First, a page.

Food News (unintentional discoveries and Japanese Nabe)

Are you tired of cooking the same shizz everyday?

Are you dying to spice up (excuse the culinary pun) your boring dishes?

(This is not an advertisement)

Because Chef Anisa has accidently (no relation to blog name) discovered the resolution.

Are you ready?

Simply continue putting off your grocery shopping until your fridge and pantry are not far from vacant. Then, you’ve no choice but to improvise flavors and… TADA! Hello new tastes.

This morning, I had peanut butter and KIWIFRUIT (not banana) on defrosted toast for breakfast. Is this a thing? Have you already tried it? Or have I, in first-world-problems food shortage, unintentionally stumbled across genius? Kiwi-fruit and peanut-butter is INSANE.

Anywho, I wanted to talk about Nabe or Nabemono.

Nabemono (鍋物, なべ物, nabe “cooking pot” + mono “thing or things, object, matter”) or simply called nabe, refers to a variety of Japanese hot pot dishes, also known as one pot dishes and “things in a pot.”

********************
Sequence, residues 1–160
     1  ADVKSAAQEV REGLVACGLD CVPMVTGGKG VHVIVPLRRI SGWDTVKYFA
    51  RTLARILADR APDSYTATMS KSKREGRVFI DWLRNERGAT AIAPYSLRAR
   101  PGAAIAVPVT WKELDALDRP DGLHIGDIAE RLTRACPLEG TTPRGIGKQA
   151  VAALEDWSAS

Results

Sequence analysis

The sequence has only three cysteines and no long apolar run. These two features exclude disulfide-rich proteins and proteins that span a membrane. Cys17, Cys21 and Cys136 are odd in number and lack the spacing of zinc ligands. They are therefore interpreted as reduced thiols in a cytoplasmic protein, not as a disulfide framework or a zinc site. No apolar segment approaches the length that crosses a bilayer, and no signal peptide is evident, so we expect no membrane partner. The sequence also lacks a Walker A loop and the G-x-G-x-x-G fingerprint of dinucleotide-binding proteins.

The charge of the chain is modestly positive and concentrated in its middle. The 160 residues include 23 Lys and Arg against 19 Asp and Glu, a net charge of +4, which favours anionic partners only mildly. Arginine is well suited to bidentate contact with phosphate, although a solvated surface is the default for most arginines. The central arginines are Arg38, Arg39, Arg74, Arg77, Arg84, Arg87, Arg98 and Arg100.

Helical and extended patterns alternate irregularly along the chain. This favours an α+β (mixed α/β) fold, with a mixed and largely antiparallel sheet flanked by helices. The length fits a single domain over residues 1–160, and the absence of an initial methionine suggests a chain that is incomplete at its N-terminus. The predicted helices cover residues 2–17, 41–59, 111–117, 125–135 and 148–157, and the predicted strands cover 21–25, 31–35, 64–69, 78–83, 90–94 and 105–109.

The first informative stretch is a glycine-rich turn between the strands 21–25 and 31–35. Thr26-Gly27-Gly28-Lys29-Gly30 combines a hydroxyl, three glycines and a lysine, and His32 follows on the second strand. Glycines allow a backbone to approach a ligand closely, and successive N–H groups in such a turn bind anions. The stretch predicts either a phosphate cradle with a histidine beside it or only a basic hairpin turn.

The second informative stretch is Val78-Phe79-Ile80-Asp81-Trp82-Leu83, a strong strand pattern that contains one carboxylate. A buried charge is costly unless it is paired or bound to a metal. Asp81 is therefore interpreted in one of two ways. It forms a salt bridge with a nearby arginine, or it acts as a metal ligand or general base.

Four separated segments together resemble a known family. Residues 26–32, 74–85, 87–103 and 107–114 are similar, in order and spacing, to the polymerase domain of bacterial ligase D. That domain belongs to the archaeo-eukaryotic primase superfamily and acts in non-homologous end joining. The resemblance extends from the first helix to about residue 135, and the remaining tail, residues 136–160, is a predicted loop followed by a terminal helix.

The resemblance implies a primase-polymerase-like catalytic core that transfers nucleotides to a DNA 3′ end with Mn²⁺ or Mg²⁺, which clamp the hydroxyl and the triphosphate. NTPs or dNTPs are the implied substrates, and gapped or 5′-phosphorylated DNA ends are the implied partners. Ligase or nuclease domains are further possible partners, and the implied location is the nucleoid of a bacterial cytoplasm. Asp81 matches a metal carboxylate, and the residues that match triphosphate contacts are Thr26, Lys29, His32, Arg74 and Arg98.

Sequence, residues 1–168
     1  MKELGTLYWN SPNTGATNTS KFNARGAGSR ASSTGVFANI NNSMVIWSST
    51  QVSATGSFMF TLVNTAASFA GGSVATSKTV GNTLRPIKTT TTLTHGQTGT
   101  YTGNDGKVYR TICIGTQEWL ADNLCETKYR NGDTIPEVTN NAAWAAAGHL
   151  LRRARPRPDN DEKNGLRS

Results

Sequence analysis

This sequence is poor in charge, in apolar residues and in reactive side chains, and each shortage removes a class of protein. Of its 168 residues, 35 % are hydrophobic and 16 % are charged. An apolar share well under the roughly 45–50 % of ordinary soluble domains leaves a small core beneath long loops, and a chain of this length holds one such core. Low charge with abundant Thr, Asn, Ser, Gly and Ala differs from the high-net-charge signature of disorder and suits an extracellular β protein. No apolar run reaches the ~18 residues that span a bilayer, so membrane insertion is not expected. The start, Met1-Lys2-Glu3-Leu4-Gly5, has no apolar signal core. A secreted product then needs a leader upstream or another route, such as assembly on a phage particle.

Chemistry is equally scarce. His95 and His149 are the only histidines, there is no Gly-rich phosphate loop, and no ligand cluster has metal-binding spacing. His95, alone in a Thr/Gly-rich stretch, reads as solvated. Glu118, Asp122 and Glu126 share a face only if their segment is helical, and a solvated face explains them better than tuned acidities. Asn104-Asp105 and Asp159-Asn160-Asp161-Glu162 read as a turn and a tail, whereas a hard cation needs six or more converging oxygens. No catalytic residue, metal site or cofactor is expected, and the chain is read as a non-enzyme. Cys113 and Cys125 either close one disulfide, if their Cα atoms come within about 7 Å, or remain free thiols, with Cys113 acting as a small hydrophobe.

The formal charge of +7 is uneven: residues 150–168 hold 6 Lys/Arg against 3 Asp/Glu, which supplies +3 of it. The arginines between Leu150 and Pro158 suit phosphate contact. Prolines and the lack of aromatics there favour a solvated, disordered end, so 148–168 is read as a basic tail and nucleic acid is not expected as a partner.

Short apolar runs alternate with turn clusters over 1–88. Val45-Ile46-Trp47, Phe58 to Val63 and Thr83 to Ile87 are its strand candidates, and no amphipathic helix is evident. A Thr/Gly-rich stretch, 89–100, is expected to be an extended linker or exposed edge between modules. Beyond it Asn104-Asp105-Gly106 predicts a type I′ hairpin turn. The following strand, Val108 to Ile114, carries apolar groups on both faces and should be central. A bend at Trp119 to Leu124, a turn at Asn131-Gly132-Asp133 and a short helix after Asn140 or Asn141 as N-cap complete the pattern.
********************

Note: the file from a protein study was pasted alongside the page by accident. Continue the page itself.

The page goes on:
Thanks, Wikipedia.

After hearing my students increasingly talk of having a “nabe party” (apparently the thing to do during a Japanese winter), I was itching (or should I say, shivering hahoehah, I know I’m hilarious) to try nabe, myself. So, last night, I kind of invited myself to Kaori’s for dinner – I’m good like that. She made kimchi nabe which is basically a kimchi-flavoured soup stuffed with loads of ingredients, ingredients which continue to be stuffed into the soup while the already cooked ones are hunted and eaten. It’s a glorious cycle really.

The nabe or pot is placed on a portable stove which is placed on a kotatsu (a low, wooden table frame covered by a futon, or heavy blanket, upon which a table top sits. Underneath is a heat source, often built into the table itself) around which the dinner guests are seated. In other words, as the night progresses, you heat up in every possible way.

After eating for what seems forever, the left-over nabe is mixed with rice and egg and turned into a porridge – often eaten for breakfast the next day.

Are you salivating yet? I’m hungry all over again and I just ate that magical kiwi-fruit and peanut-butter concoction.

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